Legally and internationally the vote of the Swiss people reëstablished the status quo, inasmuch as the régime established by the international treaties could only be modified through mutual agreement between the two countries. The Swiss Government was in a position to resume the negotiations only on a basis of propositions which did not aim to move the customs line up to the political boundary. It could not fall in with new French suggestions which were little else than an adaptation of the convention already rejected by the Swiss people.

While Switzerland was endeavoring to find a basis on which the negotiations might usefully be resumed, the French Government announced in its note of October 10, 1923, that it was about to put into force a bill which had been passed on February 16, 1923, and which directed that the customs statutes of the free zones be reformed and that the customs line be moved up to the political frontier. Switzerland protested against this decision, affirming that if it were enforced it would violate her covenanted rights and the principles of international law. She added that if no agreement were possible regarding the legal question raised by the interpretation of Art. 435, Par. 2 of the Versailles Treaty (Switzerland holding that according to the wording of the article the free zones are to continue and that only a revision of the statutes is to take place, while France holds that the article abolished the free zones and provided only for an agreement to be concluded between the parties regarding the new régime), the question would have to be decided by a judicial or arbitral organ.

But the French Government held to its course, and though it declared that if agreement were impossible it would not refuse to refer the solution of the question of the zones to arbitration, it nevertheless proceeded on November 10, 1923, without reaching any previous accord with Switzerland, to transfer the French customs posts to the political boundary. From this moment it was impossible for the Swiss Federal Council to pursue the negotiations further, France having set about solving the question in her own way and by her own authority. In renewing its protest the Swiss Government declared that the only amicable solution of the conflict was to have recourse to a judicial or arbitral procedure.

Two jurisconsults, one Swiss and the other French, have now prepared a procedure of arbitration which is acceptable to both parties. It was signed in Paris October 30, 1924. According to this agreement the controversy is referred to the Permanent Court of International Justice at the Hague. Three phases are laid down in the procedure. In the first place, the Court shall consider the question whether Article 435 of the Treaty of Versailles has directly abolished the stipulations of the Treaties of Paris and of Turin and of the other supplementary acts concerning the free zones, or whether its object was to have those conventional statutes abolished by a new régime to be agreed upon by the two States concerned. This constitutes the first phase of the proceedings. Having concluded its deliberations about this legal question, and before pronouncing a sentence, the Court shall then set a period within which the two parties may endeavor to settle between themselves the status of the territories in question. During this second phase the Court shall give a semi-official intimation of its opinion, so that the negotiators may act in full knowledge of the situation. If an agreement can be reached within the given time the whole matter is settled and the Court does not need to occupy itself with it further. But if an agreement cannot be reached and ratified, the Court shall--this is the third phase--pronounce its decision regarding the legal question outlined above, and at the same time regulate for a period (the duration of which it is itself competent to fix) the whole complex of questions involved in the execution of Article 435.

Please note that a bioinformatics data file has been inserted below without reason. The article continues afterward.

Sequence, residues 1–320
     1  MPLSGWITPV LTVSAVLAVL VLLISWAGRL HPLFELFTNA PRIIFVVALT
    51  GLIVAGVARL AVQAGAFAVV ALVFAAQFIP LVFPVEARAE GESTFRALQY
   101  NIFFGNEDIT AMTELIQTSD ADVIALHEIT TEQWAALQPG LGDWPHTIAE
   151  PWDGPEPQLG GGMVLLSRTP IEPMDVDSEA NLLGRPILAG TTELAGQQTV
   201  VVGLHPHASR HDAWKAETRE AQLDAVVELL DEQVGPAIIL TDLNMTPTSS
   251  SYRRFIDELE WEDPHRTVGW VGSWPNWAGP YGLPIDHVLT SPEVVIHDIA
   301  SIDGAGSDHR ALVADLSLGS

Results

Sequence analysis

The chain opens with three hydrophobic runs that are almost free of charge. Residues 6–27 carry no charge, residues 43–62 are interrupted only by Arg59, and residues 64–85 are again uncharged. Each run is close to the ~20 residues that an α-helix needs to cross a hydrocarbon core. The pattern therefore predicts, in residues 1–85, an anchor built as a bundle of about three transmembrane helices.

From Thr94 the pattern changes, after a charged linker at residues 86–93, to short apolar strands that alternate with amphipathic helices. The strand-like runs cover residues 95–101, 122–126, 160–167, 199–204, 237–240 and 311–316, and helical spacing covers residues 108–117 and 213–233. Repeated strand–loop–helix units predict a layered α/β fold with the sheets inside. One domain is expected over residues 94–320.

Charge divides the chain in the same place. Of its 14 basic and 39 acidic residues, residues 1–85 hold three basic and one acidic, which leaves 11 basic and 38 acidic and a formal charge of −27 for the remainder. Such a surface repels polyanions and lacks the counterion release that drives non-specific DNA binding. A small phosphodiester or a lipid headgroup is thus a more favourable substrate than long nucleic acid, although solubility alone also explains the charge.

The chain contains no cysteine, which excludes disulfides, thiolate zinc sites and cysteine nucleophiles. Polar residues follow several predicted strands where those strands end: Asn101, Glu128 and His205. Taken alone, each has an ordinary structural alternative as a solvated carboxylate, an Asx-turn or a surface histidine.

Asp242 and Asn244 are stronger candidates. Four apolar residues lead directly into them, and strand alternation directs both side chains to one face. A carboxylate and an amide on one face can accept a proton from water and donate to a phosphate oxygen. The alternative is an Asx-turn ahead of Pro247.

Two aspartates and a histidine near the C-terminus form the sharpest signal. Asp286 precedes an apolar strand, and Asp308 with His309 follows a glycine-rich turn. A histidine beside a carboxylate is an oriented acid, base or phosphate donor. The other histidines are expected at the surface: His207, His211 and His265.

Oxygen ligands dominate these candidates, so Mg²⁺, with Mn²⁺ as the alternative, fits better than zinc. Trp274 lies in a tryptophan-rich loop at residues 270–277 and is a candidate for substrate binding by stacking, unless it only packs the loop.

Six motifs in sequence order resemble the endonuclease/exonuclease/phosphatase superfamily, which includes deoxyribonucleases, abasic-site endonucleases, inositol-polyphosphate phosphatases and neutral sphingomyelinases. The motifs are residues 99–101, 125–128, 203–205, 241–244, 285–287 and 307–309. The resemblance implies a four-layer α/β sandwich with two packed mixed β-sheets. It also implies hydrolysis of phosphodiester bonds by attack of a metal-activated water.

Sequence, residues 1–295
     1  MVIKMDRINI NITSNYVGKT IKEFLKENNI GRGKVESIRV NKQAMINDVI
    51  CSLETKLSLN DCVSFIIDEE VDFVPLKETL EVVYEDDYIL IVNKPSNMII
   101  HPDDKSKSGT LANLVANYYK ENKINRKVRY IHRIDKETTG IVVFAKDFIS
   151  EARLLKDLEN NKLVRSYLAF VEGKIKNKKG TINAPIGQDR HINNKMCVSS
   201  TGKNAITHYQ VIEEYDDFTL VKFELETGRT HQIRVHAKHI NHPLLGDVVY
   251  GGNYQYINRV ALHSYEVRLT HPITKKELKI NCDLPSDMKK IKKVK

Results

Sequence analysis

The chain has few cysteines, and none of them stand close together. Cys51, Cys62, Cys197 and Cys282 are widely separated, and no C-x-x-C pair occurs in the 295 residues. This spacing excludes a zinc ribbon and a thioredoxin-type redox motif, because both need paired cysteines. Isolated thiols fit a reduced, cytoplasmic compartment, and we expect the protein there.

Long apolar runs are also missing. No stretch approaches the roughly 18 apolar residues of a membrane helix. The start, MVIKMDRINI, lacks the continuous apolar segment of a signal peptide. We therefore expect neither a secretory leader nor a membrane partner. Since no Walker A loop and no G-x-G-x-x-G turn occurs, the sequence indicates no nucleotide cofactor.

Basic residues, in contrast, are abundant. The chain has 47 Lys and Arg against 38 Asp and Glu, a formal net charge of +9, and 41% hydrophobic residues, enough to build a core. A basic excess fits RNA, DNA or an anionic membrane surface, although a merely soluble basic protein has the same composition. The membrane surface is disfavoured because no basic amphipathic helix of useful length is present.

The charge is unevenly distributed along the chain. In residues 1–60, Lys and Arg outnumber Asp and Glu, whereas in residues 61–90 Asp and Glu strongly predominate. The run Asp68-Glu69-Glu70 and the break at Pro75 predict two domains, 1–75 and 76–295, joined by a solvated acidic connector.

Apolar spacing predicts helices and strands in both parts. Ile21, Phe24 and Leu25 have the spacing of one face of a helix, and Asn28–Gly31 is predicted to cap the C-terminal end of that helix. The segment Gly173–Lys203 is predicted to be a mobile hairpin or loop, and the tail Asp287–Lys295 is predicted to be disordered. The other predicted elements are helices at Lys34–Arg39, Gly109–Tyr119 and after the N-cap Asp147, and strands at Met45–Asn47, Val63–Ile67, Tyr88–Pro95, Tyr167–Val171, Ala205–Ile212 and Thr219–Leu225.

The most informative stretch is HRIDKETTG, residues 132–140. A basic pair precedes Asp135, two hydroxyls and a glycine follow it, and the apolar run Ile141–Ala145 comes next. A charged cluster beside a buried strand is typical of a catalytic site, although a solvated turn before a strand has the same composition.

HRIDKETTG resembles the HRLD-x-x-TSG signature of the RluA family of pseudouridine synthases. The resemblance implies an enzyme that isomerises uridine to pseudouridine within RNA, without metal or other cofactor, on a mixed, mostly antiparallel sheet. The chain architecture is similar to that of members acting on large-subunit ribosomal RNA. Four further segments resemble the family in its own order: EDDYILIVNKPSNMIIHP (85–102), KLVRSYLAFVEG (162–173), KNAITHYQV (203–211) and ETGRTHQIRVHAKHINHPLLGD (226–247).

The question naturally arises whether this arbitration agreement would have to be submitted to a popular referendum, in accordance with the provisions of the Swiss constitution. Undoubtedly it would. In the same way, a settlement between the parties as provided for in the second phase of the proceedings would be subject to popular ratification. On the other hand, the regulation of the free zones by the International Court, in case a settlement between the parties cannot be reached, would have the character of a sentence and as such, of course, could not be submitted to a referendum.

There are some other provisions which we cannot discuss here in detail but which show even more clearly that the arbitration agreement as it now stands is a compromise, and that both parties have had to make concessions. These concessions were made on both sides in an earnest endeavor to find an amicable way out of a dispute which for five years had beclouded Franco-Swiss relations. The reference of the controversy to the Hague (for which the Swiss Government strove from the beginning) was made possible chiefly owing to the new spirit which has taken hold of public and official opinion in France since last spring, and of which M. Edouard Herriot is the principal exponent. It is also in this spirit that the two Governments have now come to an agreement for the conclusion of a treaty of obligatory arbitration which, from a general point of view, is of even more importance than the settlement of the particular dispute about the free zones. This action accords with the principles so eloquently professed by M. Herriot in his speech at the Assembly of the League of Nations on September 5, 1924, when he said that henceforth the principle of arbitration must more and more be made the cornerstone of international law.

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  • LOUIS SCHULTHESS, formerly in the political department of the Swiss Foreign Office; special writer for the Neue Zürcher Zeitung.